A couple of examples. One of the women in my doctoral program, who later went on to become a close friend and valued colleague, was from a blue-collar family in Flint; UM was her ticket out of Flint. On the other hand, one of my father’s doctoral students (in epidemiology) was a guy from a farming family near Ishpeming (in the UP). He did very well in the program, but eventually decided to take a less prestigious job with the state health department in the UP, because he missed the woods. Once you had to the education, it was nice to think that you could take it anywhere you wanted to, whether that was back home or as far away from there as you could get.
What the university did, aside from providing a valuable credential that facilitated doing what you want to do, was to legitimize the rebel or semi-rebel intellectual kids and provide a variety of communities into which they could move. A whole lot like my own undergraduate institution, Reed College in Portland OR, in fact, although on a rather different scale. Neither Reed nor UM would work for everyone, but that ought not to delegitimize their function for those for whom they did work. I got a great education at Reed and later at UM, along with my valuable degrees, which have enabled me to move in lots of directions over the years. And my doctoral education cost a tiny fraction of what it would have cost anywhere else. UM’s been doing that for going on 200 years now, and I suspect that it’s still doing so, although it may be somewhat harder to find.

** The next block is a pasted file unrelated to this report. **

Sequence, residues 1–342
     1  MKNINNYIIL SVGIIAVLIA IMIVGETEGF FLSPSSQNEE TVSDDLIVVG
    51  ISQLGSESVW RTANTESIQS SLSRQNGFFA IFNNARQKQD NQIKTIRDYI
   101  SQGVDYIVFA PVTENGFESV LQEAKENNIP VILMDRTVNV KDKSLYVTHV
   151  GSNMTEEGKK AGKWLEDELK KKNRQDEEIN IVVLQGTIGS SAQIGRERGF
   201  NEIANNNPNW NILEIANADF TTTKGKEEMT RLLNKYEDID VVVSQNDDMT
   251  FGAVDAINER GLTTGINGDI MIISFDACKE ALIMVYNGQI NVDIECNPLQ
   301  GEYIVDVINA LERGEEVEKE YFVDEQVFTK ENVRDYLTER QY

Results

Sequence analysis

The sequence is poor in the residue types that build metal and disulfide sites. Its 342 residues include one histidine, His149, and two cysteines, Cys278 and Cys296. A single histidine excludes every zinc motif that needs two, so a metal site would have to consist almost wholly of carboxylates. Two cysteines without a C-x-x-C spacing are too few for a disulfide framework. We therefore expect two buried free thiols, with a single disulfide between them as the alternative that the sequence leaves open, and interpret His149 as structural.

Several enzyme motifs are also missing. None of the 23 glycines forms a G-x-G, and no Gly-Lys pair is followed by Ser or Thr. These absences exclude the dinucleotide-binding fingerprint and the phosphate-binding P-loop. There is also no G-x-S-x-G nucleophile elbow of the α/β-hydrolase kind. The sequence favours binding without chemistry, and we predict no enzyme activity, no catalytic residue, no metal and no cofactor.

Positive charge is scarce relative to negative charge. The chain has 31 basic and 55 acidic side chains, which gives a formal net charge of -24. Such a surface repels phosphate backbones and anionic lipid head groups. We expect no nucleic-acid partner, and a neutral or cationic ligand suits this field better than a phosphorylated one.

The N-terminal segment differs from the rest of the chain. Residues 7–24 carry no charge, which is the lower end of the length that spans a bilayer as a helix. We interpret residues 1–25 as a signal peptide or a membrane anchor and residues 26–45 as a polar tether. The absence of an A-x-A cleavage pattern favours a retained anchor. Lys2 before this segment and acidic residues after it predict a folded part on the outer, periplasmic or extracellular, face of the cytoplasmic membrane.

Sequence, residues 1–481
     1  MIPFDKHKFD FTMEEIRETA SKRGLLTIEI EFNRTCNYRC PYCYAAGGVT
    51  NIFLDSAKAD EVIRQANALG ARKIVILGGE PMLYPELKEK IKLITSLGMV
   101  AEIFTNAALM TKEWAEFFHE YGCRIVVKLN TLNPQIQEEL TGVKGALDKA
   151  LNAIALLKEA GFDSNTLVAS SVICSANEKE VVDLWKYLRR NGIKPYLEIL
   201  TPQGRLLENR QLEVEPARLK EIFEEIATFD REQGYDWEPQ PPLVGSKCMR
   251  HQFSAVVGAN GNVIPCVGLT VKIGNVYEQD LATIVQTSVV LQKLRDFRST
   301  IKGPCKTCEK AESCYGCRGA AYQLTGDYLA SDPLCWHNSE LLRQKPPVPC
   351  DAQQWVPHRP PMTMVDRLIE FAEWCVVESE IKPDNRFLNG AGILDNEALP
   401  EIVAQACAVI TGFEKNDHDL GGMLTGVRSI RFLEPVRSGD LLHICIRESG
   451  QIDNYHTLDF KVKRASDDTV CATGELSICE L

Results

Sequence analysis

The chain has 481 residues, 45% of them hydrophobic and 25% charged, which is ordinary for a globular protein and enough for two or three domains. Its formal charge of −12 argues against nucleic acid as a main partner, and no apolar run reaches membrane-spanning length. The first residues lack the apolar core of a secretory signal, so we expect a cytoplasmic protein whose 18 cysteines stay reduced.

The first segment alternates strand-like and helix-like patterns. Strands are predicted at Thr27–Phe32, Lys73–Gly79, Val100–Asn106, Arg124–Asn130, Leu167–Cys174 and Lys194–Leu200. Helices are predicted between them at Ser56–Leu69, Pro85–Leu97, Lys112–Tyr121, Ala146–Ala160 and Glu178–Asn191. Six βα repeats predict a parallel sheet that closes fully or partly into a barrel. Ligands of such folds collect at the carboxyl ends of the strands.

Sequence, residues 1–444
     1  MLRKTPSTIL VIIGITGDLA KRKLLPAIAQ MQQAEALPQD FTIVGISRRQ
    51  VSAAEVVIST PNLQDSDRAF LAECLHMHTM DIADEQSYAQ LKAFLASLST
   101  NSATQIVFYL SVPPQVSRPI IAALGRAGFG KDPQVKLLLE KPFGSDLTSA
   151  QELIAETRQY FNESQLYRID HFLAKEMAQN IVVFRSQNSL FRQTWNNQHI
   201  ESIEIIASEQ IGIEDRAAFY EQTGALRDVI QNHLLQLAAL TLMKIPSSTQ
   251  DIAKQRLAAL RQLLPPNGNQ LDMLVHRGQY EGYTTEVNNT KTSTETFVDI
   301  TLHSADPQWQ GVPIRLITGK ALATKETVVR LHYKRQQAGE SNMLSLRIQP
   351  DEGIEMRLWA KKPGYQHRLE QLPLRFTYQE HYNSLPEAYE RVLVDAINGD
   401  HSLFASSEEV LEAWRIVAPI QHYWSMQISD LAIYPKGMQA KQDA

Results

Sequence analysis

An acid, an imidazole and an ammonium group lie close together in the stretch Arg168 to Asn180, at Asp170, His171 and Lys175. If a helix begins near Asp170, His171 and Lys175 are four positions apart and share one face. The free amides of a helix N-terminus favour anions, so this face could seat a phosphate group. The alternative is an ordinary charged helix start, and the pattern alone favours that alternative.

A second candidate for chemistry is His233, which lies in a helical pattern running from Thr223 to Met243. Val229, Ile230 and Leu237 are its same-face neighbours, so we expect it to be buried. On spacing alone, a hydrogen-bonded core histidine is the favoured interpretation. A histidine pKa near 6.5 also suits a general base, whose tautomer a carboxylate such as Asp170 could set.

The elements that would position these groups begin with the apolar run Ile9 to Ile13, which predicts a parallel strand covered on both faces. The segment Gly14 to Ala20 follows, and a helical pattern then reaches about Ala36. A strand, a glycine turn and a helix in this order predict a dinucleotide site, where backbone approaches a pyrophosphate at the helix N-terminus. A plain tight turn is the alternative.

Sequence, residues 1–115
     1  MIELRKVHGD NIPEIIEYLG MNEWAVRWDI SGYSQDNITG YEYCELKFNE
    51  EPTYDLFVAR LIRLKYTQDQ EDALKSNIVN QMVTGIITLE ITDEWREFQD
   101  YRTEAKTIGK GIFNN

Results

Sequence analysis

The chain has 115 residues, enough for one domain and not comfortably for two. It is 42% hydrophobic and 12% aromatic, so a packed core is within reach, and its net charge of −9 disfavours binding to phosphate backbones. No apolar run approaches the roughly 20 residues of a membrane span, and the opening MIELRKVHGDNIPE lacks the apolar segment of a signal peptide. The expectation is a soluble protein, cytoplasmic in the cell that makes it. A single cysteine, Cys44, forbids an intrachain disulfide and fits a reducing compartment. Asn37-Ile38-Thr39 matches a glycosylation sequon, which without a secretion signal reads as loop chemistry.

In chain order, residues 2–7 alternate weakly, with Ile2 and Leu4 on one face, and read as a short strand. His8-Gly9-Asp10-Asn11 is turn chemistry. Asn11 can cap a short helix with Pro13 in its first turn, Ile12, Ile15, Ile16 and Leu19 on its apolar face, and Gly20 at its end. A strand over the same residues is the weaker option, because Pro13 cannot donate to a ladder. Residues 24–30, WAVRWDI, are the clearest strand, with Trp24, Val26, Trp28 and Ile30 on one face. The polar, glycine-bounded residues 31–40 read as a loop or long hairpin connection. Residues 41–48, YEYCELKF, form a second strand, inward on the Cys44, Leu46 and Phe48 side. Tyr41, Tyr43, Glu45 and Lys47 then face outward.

I certainly agree that current university patterns are tending to advantage the already privileged.But then, universities have been doing that ever since the creation of the Universities of Paris and Bologna in the 1100s. Students still tend to drink a lot and occasionally riot in the streets, just as they have for the last thousand years. The question is what else they can do, aside from cosseting and credentialing the children of the rich. I think there is still a real role for this kind of institution in the American heartland. Places like UM have always served as safety valves for ambitious rural or inner-city kids who didn’t fit in where they grew up. Places like CCNY served the same function for urban kids over the years, and of course the many great historically black colleges and universities provided an enormous boost to talented black children over the years. These universities were at heart populist institutions, and demonstrated through well over a century that it was possible to provide this populist boost to smart kids while still maintaining the full measure of academic quality. They may not be doing as much of this as they used to or ought to be, but I suspect that UM in particular still has this magnetic attraction for a good many. And that is a Good Thing, IMHO. Education is far too important to be left to the rich alone.